The Asahi Shimbun interviewed German sociologist Ulrich Beck in search of answers. Beck had already pointed out that we are living in a “risk society” even before the Chernobyl nuclear disaster occurred in 1986.
. . .
From a sociological point of view, at least in Europe but in many other countries as well, in the 19th century, we developed a system of rules in order to cope with the uncertainties and risks produced by modernity. It includes the exchange of money against loss of an eye, or loss of an arm, or loss of the whole body or loss of the whole city. The relationship between risk and insurance was actually a system of norms, or you could even say a social contract of progress.
But if you run atomic industries, you don’t have to have insurance. It’s a mixture of private and state insurance. But actually, all the amount of money, which is prepared to react to this situation, is much less than what is needed. So actually, it is beyond insurance.
Q: So we lack a system that can resolve the problem?
A: We are still thinking in terms of the 19th century. But there’s a historical mistake in thinking in those terms.
. . .
A: I’m talking about a principle, which is actually the basis of capitalism. Atomic energy and atomic industries are, let’s say, socialist industries because the state, the population, the citizens are paying if something goes wrong.
And actually, this is a contradiction to capitalism and the market economy. We have the same discussion actually in relation to the banking system; it’s quite similar. Actually, the banks should take care of possible crises, and maybe they should have an insurance principle as well. But they don’t, so actually the state has to take it. This is socialism; this is state socialism.
Q: Before the Fukushima disaster took place, many political leaders turned to atomic energy as a solution to the problem of climate change.
A: It’s macabre to compare two kinds of risks: climate change and atomic energy. So actually, if you refer to climate change as a greater risk, companies are using the resources for legitimating, which has been created by NGOs, in order to construct the necessity of renaissance of so-called green atomic energy resource.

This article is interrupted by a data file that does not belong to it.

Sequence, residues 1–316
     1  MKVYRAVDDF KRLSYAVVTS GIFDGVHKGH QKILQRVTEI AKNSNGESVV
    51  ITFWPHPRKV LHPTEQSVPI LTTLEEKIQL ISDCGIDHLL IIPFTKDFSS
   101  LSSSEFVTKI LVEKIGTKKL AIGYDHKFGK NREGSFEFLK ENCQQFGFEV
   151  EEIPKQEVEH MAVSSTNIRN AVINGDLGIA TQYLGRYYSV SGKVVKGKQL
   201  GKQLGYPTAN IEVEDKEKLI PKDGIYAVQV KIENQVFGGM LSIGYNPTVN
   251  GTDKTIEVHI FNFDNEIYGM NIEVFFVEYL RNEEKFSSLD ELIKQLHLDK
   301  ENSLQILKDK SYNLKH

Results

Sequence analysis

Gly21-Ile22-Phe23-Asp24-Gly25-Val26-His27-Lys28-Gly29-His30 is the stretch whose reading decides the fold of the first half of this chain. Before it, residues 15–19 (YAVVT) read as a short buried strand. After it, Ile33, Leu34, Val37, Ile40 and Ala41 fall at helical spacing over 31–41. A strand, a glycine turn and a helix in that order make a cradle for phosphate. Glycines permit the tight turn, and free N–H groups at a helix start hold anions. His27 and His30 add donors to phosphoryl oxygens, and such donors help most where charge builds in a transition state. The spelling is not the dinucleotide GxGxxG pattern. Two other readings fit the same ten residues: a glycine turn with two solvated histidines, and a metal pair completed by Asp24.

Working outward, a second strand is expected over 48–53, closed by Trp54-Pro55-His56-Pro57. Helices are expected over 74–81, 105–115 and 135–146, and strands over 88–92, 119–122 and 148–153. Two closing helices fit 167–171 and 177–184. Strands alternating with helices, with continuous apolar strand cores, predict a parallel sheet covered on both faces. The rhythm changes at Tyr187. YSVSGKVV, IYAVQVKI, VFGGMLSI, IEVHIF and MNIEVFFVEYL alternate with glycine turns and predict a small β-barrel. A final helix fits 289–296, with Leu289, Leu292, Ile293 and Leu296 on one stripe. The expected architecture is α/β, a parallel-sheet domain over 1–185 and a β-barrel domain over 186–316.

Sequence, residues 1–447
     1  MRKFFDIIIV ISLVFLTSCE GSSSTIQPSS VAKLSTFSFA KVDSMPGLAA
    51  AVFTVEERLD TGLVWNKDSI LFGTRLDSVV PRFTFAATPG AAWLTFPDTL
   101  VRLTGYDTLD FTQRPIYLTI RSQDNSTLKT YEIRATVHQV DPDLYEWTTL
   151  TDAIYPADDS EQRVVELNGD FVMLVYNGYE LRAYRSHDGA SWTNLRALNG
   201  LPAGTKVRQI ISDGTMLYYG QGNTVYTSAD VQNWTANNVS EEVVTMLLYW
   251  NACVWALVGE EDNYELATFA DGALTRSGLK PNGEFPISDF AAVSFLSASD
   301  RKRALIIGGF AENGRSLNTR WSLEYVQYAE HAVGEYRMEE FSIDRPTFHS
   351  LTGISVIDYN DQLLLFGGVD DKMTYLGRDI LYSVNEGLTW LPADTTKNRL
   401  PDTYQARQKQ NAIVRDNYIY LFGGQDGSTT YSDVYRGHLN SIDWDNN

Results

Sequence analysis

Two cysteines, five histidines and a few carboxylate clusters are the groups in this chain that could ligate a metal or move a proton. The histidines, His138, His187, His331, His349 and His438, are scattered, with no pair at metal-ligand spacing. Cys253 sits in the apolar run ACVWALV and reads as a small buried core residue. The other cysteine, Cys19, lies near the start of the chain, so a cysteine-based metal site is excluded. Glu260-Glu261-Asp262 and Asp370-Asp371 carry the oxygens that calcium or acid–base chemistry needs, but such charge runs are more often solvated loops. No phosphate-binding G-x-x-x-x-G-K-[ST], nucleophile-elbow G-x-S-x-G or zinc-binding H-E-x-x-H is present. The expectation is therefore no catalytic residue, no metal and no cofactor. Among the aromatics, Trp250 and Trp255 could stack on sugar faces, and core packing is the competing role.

I think this is a mistake, and it doesn’t really take the problem seriously. We have to make the distinction between those accidents which we can control and those we can compare. If we want to have long-term responsible politics, we have to get out of climate change and atomic energy as well.
I’m not saying this has to happen tomorrow; maybe there’s a long time to go. But this has to be, I think, the basic decision.
. . .
Q: We have to eliminate risks that we cannot control. But will politicians who have been accepting the risks be able to do so?
A: In Germany, we have a very strong civil society and civil society groups and movements in relation to the environment. Actually, the Green Party was invented as a consequence of Chernobyl.
I think, in order to make the problems–the consequences of modern technology–visible in the public, you need democracy in the sense of civil society movements. If you don’t have those movements, you have a very strong direct involvement between government and business. There’s no public, there’s no transparency, there’s no public involved.
Actually, (there is) not really democratic decision-making, but (it’s) on the basis of this kind of very strict cooperation (between government and business).
Only if we open up this very much interrelated direct interaction by a new kind of democracy involvement of civil society groups, we will have the space for public discussions, we will have the space for public alternatives, and parties are getting in.
. . .